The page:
A study ordered by the executive body of the European Union (EU), the European Commission, estimates that to get all 28 member states of the EU to reach 100Mbps broadband speeds for home users, and 1Gbps for public sector and businesses, it’ll cost a total of €502 billion. The study carried out by Analysys Mason included the UK in the figures, even though the country has opted to pull out of the bloc.
The study was designed to support the EU’s ‘Gigabit Society’ initiative, a pledge for all European households to get a minimum line speed of 100Mbps by 2025; businesses and the public sector were told to expect speeds of 1Gbps.
€502 billion is a fair bit of money; the study broke down how it came up with the figure:
- Deployment to large SEDP (social-economic drivers and professionals, such as businesses) - €64bn.
- ‘Macro mobile’ connectivity for population areas - €55bn.
- ‘Small cell mobile’ connectivity for population areas - €119bn.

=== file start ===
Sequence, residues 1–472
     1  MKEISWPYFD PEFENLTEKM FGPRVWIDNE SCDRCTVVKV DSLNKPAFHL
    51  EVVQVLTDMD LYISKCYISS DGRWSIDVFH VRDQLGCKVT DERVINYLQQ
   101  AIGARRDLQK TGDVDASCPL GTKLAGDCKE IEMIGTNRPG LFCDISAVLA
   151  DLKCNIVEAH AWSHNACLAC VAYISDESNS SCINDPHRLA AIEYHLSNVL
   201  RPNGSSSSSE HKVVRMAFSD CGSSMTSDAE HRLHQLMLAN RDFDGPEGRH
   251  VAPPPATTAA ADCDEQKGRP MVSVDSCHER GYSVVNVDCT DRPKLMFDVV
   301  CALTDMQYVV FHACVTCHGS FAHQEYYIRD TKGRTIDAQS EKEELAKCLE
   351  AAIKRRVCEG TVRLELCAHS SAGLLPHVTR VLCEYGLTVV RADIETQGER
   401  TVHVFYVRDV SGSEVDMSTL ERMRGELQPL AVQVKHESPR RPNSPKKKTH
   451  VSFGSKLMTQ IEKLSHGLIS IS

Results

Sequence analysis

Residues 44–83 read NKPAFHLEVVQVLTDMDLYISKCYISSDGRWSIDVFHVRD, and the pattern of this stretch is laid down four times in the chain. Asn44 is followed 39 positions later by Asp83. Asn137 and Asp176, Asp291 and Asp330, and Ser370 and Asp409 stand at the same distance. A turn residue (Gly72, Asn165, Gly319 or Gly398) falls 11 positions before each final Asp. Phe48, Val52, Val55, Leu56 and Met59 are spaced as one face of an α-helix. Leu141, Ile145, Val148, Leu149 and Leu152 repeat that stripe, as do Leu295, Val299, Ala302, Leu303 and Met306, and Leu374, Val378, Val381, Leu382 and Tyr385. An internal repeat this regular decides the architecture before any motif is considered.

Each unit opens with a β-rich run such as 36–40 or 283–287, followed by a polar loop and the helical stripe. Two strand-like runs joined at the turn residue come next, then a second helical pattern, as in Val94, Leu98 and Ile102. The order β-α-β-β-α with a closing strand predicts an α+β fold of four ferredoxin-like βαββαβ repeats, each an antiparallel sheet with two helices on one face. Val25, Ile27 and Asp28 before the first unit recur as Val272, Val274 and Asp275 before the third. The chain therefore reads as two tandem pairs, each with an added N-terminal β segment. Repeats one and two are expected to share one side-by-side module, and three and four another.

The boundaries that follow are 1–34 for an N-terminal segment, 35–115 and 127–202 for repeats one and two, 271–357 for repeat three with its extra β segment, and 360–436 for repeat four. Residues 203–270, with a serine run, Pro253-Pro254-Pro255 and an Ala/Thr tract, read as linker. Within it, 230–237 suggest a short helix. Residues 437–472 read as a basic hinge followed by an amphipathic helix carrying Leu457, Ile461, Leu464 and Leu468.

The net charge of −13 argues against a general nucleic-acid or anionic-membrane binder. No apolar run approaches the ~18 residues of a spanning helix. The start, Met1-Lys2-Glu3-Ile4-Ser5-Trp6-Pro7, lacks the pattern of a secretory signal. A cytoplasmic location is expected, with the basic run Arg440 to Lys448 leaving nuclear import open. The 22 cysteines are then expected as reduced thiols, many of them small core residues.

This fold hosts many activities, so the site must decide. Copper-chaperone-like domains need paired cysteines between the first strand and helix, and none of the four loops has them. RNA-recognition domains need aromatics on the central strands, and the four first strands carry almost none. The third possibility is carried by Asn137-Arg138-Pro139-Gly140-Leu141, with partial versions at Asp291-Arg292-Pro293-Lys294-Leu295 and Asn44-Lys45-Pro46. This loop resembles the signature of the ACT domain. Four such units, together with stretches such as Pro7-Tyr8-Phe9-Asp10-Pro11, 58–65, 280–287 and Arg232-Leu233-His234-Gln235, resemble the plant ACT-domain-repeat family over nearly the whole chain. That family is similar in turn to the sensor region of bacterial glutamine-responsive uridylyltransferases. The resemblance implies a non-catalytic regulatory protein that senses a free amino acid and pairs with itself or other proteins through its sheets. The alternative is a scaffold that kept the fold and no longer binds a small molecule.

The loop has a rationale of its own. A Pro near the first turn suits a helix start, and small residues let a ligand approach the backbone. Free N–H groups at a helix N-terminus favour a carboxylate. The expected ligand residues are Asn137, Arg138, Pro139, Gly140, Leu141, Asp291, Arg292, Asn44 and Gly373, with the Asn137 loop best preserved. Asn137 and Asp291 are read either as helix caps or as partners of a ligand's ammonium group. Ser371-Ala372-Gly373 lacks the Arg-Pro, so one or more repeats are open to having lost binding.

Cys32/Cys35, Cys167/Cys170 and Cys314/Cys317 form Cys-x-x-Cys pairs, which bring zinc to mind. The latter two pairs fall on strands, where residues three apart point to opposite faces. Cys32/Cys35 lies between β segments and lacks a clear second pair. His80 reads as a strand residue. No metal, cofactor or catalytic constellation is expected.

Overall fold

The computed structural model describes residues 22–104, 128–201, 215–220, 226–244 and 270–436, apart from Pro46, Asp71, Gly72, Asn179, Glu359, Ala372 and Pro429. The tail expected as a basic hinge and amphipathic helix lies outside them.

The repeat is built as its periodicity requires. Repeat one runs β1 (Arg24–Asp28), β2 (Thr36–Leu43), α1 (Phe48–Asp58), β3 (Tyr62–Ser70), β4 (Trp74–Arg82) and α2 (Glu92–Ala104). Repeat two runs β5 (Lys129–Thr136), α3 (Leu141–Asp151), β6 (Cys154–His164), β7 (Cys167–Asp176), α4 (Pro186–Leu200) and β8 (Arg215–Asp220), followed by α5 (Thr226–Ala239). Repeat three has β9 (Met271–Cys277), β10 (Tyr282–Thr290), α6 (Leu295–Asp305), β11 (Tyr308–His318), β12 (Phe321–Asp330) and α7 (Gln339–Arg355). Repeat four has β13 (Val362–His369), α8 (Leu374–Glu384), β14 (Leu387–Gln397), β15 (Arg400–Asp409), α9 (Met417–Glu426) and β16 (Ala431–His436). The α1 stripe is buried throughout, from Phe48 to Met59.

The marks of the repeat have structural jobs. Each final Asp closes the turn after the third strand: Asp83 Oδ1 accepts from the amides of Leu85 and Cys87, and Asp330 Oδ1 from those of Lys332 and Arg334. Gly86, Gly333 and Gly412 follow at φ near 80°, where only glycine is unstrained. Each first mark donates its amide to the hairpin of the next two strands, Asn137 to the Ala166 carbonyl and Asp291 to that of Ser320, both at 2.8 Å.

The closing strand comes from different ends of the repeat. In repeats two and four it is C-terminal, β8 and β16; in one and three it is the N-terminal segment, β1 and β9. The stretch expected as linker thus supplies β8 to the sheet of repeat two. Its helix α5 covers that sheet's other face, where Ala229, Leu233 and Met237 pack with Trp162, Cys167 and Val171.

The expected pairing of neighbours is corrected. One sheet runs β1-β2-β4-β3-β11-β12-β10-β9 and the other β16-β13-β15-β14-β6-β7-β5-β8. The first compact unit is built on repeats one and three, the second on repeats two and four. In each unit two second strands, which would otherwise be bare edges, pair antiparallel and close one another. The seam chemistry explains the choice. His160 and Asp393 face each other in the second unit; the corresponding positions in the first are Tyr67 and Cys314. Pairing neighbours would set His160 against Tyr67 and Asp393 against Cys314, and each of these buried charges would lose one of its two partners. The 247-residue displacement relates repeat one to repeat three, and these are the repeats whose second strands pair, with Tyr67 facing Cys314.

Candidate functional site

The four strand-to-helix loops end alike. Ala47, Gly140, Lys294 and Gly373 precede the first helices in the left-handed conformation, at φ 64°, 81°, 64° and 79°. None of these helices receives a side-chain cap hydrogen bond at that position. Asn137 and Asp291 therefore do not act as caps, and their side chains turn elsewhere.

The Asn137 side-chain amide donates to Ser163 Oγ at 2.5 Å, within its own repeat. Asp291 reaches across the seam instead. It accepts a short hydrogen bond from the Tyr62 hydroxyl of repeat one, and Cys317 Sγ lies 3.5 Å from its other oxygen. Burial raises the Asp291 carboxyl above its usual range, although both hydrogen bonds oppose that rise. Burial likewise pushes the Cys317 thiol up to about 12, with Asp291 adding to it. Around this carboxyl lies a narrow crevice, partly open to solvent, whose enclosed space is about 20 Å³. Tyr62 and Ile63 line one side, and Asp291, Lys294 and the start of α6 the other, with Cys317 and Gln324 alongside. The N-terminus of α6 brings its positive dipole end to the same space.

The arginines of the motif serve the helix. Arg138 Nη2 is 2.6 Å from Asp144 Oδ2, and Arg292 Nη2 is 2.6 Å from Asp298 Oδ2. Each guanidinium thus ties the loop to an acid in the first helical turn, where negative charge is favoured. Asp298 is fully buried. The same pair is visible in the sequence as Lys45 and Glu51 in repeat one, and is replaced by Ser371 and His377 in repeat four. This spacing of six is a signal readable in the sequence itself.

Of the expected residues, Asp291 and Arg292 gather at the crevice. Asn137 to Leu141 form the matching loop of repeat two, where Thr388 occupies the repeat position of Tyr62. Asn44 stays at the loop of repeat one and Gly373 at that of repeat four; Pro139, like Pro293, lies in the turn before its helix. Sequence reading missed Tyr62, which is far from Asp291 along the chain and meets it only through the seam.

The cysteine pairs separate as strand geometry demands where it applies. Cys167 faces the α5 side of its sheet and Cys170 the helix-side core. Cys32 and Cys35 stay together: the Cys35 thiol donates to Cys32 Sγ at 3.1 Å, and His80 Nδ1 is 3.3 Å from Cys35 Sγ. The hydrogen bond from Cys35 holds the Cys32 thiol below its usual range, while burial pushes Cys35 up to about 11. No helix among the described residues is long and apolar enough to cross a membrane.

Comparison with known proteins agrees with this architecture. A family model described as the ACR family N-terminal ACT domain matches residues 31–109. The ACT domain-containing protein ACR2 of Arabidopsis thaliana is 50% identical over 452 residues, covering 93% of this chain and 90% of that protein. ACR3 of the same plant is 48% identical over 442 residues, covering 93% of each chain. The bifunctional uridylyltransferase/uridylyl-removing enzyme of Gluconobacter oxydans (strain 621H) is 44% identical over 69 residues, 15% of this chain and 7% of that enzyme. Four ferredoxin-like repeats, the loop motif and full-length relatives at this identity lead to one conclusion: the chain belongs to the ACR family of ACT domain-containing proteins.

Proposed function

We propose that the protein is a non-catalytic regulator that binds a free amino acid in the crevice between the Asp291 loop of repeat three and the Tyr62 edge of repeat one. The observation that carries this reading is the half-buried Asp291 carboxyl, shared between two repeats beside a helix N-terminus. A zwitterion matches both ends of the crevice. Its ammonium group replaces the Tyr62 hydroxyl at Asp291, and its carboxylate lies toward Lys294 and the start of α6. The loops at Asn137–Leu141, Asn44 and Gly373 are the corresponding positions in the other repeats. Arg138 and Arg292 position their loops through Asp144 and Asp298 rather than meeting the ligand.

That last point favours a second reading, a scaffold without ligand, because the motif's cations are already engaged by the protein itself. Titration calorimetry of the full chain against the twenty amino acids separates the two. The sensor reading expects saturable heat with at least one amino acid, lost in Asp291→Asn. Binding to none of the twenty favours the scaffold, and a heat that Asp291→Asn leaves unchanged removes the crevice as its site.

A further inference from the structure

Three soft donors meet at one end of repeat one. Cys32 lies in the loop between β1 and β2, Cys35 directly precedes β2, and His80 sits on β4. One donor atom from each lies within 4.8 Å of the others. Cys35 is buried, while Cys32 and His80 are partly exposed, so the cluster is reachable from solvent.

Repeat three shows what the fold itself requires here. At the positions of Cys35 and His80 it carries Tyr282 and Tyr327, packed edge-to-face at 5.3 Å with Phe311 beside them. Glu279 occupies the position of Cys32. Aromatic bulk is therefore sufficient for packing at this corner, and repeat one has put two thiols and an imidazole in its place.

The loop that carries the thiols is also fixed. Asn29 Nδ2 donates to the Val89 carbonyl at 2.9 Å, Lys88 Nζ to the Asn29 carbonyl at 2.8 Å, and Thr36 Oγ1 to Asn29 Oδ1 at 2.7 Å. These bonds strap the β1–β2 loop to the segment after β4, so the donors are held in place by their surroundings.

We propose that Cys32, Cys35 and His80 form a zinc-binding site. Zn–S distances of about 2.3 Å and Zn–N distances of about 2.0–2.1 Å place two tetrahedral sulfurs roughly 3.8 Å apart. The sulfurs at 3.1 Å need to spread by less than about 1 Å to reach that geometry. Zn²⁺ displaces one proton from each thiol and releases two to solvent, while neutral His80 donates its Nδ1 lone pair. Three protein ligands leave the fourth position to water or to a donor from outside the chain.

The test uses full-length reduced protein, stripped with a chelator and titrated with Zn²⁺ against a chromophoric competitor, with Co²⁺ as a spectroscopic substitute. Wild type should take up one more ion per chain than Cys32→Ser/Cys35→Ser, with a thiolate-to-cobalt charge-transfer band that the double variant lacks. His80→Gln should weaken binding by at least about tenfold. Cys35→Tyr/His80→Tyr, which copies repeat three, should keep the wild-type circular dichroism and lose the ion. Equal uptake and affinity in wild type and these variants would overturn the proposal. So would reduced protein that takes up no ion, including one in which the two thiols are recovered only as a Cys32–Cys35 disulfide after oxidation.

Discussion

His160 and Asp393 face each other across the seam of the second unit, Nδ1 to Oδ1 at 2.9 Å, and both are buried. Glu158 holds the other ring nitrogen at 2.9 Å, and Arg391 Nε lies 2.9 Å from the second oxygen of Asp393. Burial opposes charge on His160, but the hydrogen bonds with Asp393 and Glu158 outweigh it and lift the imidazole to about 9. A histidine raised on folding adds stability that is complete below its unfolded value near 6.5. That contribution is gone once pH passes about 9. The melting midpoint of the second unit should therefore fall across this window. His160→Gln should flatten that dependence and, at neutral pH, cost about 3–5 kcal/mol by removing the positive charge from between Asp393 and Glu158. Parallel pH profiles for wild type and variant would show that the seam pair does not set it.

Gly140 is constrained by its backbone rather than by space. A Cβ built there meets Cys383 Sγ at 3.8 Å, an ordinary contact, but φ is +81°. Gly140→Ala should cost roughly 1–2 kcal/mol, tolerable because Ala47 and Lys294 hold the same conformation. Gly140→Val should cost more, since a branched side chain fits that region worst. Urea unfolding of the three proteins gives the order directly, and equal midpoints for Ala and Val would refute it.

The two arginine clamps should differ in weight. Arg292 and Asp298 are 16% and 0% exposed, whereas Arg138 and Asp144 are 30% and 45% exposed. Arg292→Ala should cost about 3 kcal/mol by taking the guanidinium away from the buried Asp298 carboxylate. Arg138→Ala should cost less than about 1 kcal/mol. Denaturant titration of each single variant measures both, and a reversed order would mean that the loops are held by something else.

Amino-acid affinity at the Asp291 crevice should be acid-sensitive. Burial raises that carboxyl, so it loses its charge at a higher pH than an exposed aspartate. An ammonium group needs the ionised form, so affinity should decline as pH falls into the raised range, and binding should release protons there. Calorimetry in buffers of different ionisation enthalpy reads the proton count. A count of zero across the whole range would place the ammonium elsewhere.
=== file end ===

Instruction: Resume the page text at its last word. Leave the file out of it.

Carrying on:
- Deployment to small SEDPs - €197bn.
- Residential coverage - €249bn.
- Transport links - €104bn.
Those figures do indeed go over the previously stated total of €502bn; this is because the figures assume that there is not sharing of any infrastructure or costs. When you do take into account sharing, the total drops to €502bn.
In the UK, one of the biggest challenges at the moment is bringing people in rural areas up to similar broadband speeds as those in urban areas. The study notes that the rural cost per subscriber in the UK is estimated at €2,200, as opposed to €1,000 per subscriber in urban areas. Despite the figures, the UK is in quite a good place, as rural deployments are second cheapest in the EU. The average cost for rural deployments is around €4,500 per subscriber.
EU countries are still struggling to meet current targets, which aim to ensure that every home in the EU can access a 30Mbps capable superfast broadband connection by 2020.